Damien does have an endearing knack for finding problems by obliviously whacking his sad little face into the sticky bits, and yes, it's entertaining to see him creatively wizard everything into submission (or pieces) once he catches on, but I thought he'd picked up at least a little guile in his last few years. He issues several of his trademark ultimatums here, where he might have otherwise employed his wits and knowledge to make threats that would use the opponent's priorities to make compliance, negotiation, or further explanation of the opponents' opinion more attractive than the course they did choose. Our protagonists seriously need to quit reacting sometimes, and try to proactively screw with opponents' ye olde OODA loops.
I love a good conspiracy, but some of the secret plots and criminal organizations in this universe are just getting unreasonably competent for their size. Their funding and motives are plausible, but the scale of the things kept secret over this book and the last seem to imply a future that lacks Snowdens and Clintons. (Too soon?)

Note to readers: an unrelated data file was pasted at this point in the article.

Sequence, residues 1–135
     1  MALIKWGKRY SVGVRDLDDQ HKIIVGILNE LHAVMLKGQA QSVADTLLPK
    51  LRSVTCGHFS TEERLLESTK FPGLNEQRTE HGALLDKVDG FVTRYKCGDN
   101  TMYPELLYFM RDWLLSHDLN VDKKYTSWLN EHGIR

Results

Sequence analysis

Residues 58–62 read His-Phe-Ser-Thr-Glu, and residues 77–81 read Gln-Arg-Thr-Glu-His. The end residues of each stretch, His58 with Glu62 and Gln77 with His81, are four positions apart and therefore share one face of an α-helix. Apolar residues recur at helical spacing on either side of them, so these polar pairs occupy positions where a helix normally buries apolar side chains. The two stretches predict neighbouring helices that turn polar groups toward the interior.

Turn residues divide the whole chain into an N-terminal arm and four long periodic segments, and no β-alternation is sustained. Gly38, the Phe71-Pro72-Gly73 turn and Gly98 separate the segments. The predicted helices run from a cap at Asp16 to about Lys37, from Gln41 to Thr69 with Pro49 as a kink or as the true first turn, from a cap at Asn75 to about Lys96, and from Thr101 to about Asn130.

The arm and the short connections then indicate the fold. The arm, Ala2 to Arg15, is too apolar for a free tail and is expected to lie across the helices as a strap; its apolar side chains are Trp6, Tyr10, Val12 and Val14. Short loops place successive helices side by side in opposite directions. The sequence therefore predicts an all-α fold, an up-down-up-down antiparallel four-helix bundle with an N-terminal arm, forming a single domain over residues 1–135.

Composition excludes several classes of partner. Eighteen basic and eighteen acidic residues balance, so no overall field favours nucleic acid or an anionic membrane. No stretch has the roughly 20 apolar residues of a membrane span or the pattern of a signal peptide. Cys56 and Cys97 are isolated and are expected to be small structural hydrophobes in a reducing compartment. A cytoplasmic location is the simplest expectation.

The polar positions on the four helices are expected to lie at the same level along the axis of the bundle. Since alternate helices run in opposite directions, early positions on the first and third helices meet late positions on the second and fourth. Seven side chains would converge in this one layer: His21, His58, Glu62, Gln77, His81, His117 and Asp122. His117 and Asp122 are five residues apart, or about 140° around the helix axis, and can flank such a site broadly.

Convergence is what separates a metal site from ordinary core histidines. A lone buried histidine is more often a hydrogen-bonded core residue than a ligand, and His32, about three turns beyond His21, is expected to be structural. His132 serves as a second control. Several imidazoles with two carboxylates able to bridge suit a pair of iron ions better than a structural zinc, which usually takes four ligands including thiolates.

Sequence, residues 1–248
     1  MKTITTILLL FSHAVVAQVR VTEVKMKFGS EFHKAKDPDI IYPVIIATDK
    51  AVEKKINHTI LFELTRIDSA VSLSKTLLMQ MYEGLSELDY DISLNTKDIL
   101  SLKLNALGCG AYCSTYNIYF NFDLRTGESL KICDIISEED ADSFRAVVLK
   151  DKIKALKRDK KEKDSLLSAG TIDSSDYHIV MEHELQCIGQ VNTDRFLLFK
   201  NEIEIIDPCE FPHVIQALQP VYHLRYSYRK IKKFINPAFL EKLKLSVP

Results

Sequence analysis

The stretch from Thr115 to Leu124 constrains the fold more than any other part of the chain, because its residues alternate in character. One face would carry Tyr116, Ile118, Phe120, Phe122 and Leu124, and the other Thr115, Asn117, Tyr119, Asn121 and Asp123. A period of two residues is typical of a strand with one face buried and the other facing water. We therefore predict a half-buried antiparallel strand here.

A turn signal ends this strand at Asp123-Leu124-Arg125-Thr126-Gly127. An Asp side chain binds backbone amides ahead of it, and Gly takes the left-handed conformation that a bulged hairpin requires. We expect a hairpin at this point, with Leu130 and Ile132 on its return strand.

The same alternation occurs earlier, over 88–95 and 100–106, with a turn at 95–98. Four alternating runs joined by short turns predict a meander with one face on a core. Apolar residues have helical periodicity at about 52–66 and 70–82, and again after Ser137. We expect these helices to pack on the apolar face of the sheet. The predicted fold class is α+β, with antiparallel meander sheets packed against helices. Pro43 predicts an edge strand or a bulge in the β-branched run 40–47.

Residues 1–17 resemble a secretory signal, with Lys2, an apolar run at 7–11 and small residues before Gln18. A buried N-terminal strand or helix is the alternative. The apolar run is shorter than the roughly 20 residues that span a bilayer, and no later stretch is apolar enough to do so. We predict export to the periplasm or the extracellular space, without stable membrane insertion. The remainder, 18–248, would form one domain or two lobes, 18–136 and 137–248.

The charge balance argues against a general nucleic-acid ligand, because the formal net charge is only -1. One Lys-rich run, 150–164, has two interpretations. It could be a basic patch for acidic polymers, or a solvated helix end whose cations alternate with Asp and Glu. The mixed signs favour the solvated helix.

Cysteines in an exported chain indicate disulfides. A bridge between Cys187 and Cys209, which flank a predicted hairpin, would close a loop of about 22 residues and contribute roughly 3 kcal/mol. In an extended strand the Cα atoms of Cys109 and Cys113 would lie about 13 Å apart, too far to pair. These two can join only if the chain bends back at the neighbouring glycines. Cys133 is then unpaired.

This is, nevertheless, absolutely worth a read, and the Starship Mageoverse continues to develop in interesting directions without a hint of staleness.
I'm not one for conspiracy stories, especially if they don't conclude. This series started off well and had a great premise, but books 3 and 4 have left me wanting something else. We started off with a young student who didn't realize the powers he had. In the second book he grew into his new role as a "Hand of Mars". These books are relatively short and I can't help feeling like we're in for a 9 or 12 book series that should have been a trilogy.
It feels like the author is bouncing around trying out ideas that don't quite work, then maybe finds some new science or power to explain it away, if we're lucky. The spaceship battles make no sense for the most part. In this book a ship apparently tracked another, but they don't explain it even though it was a big deal when one character could do that in an earlier book and that character was absent in this one. We are in a universe where mages can jump instantly up to a light year in space, yet it's not explained why they don't do that when their ship is about to be destroyed. In the first book the counting and capability of the jump mages was a big deal, now we're not told anything about it. Now we have the possibility of aliens that are completely absent and a conspiracy that is half-uprooted.